Picking the right song for your better half’s birthday is like picking her present: there’s a lot of pressure.
Because if they’re not right, then all she is left with is you. And torn wrapping paper, which after all that, looks better than you and isn’t much.
There’s extra pressure this year, because the better half’s birthday gets competition from Thanksgiving and Hanukkah (she’s calling it GiveThanksforKellyDay. I do.), not to mention Randy Newman and John Stewart, who also get a year older. None of those are the holidays we’re celebrating today.
And because, after celebrating all her previous birthdays in Florida, this one is easily the coldest of her life — by about a thousand miles and what feels like that many degrees. More pressure.
Jack Johnson, who when not working spends most of his time in the warmer climes of Hawaii, says “I’ve got you, I don’t need nothing,” in his latest album, which the better half generously gifted for me. I keep giving her that message — “I’ve got you, I don’t need nothing.” I’m not sure she believes me.
But Johnson’s song recalls a simpler time when he and his better half were in Europe, much younger, much poorer, much less famous. And it’s about ceding control, which we’ve both learned to do in a difficult way the last few months.
“We went walking through the hills
Tryin’ to pretend that we both know
Maybe if we save up
We can build a little home
But then the hailstorm came and yelled,
‘You need to let go, you’ve got no control. No.’ ”
And, besides letting go, it reminded me of our first trip to Europe together, lugging bags around and around Paris, because who knew the Hotel Luxembourg isn’t right on the Jardin du Luxembourg? And hoofing a mile-and-a-half back to the hotel in Amsterdam on a 25-degree night because the trams had stopped running? And letting her do most of the paddling when we took a boat out in Heidelberg on a beautiful spring afternoon a few days later?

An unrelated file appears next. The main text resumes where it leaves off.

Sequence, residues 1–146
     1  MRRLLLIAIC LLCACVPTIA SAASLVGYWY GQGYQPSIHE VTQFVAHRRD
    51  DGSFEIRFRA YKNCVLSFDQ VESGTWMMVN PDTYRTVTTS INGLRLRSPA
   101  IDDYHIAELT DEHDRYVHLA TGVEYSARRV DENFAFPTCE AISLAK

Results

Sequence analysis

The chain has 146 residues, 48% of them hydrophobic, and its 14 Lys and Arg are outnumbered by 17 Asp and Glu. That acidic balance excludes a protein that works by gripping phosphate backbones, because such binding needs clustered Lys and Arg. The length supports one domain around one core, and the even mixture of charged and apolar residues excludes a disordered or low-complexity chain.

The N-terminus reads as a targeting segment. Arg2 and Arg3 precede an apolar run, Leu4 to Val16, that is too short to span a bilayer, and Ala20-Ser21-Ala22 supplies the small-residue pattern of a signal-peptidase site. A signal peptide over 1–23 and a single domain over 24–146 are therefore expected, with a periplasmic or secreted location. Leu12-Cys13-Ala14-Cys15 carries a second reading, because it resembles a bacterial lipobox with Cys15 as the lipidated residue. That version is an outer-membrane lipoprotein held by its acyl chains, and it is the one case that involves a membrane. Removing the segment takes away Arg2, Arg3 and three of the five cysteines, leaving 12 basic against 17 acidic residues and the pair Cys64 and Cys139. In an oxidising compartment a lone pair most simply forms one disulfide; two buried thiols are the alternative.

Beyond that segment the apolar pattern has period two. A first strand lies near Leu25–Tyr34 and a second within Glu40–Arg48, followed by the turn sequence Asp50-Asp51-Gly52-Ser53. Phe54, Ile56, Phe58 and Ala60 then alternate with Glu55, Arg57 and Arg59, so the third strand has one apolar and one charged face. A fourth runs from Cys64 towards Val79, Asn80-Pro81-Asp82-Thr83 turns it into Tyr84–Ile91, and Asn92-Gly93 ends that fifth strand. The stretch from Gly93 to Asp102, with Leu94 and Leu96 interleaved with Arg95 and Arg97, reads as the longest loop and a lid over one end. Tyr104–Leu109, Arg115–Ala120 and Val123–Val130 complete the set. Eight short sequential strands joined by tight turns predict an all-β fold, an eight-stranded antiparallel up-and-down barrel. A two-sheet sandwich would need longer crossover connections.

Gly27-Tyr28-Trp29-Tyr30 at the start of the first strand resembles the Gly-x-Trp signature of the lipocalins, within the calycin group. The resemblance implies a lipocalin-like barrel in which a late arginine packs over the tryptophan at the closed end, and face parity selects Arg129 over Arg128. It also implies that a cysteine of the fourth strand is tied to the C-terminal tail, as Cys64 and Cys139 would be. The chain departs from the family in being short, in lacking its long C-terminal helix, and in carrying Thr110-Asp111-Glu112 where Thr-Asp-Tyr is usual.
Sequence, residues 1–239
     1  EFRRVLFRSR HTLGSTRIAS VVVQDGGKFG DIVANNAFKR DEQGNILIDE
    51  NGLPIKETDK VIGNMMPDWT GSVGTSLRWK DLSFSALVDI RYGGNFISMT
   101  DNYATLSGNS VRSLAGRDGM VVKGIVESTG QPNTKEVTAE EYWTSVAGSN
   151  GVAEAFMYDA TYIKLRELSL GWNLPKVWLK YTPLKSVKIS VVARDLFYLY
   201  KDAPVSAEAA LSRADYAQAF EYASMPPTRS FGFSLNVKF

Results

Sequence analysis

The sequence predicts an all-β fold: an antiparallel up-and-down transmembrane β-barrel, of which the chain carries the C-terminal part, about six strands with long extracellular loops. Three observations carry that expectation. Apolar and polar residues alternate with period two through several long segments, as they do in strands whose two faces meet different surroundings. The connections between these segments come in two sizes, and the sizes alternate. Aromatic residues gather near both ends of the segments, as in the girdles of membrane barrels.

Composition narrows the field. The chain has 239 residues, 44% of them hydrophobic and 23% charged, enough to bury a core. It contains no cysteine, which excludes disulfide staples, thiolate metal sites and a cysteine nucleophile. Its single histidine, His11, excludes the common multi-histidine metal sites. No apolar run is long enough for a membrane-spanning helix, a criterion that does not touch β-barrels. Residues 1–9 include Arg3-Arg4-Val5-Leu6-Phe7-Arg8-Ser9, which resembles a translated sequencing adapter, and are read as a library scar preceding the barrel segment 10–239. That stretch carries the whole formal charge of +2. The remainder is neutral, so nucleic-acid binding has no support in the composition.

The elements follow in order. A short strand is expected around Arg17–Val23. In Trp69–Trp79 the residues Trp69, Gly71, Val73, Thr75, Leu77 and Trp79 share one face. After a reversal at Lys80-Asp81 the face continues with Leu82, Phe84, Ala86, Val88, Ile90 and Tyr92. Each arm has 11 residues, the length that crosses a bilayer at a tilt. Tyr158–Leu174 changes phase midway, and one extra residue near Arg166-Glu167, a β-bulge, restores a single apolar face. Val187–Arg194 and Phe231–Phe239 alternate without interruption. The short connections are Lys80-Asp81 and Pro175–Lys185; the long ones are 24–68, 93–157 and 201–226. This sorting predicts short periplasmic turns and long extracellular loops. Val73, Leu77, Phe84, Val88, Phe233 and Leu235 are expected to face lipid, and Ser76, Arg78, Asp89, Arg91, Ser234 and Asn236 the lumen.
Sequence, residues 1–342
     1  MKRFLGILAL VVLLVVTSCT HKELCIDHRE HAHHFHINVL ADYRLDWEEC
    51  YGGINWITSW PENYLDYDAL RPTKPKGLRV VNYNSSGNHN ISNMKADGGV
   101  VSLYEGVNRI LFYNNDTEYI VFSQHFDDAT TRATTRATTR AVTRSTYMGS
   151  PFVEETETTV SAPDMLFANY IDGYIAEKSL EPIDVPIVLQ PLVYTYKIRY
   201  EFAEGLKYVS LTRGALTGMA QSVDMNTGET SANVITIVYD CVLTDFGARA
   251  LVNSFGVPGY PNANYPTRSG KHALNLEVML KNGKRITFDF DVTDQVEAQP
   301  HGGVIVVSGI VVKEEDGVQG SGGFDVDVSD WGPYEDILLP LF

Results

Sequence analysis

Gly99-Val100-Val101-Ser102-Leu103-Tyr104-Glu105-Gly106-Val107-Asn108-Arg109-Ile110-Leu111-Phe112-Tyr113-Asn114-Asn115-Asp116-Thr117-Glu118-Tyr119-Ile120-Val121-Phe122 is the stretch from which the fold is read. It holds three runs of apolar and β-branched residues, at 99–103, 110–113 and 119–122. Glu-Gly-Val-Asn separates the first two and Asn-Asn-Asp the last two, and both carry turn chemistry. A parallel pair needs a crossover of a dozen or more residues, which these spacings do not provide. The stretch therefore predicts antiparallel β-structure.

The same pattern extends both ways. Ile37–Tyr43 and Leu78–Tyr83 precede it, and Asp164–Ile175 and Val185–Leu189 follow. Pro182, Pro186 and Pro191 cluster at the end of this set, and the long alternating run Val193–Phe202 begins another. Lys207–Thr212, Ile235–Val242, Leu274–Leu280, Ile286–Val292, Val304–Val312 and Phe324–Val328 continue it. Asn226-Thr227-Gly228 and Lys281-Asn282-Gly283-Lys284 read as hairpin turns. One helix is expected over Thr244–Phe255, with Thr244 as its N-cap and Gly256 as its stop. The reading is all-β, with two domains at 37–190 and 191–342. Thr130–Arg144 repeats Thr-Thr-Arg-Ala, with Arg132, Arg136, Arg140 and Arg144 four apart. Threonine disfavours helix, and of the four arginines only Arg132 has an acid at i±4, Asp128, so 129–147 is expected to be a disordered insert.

After all that, I thought we might be taking separate planes home to separate bedrooms. But my better half showed her better side. Quite a few years later, she’s still got me.
Johnson said in the first verse he remembered the time every pot of gold was filling full of distortion. I don’t think he was referencing the Cheever short story of that title, but he could have been. The Pot of Gold was about a man who searched for riches, not realizing, in the end, it was close at hand. The story, which ended thusly, is only my second favorite graph Cheever ever wrote (I read the first at our wedding. She said she didn’t get it, but said I do anyway).
“Her smile, her naked shoulders had begun to trouble the indecipherable shapes and symbols that are the touchstones of desire, and the light from the lamp seemed to brighten and give off heat and shed that unaccountable complacency, that benevolence, that the spring sunlight brings to all kinds of fatigue and despair. Desire for her delighted and confused him. Here it was, here it all was, and the shine of the gold seemed to him then to be all around her arms.”
Here it is, here it all is. Happy birthday. I’m hoping it’s a warm one.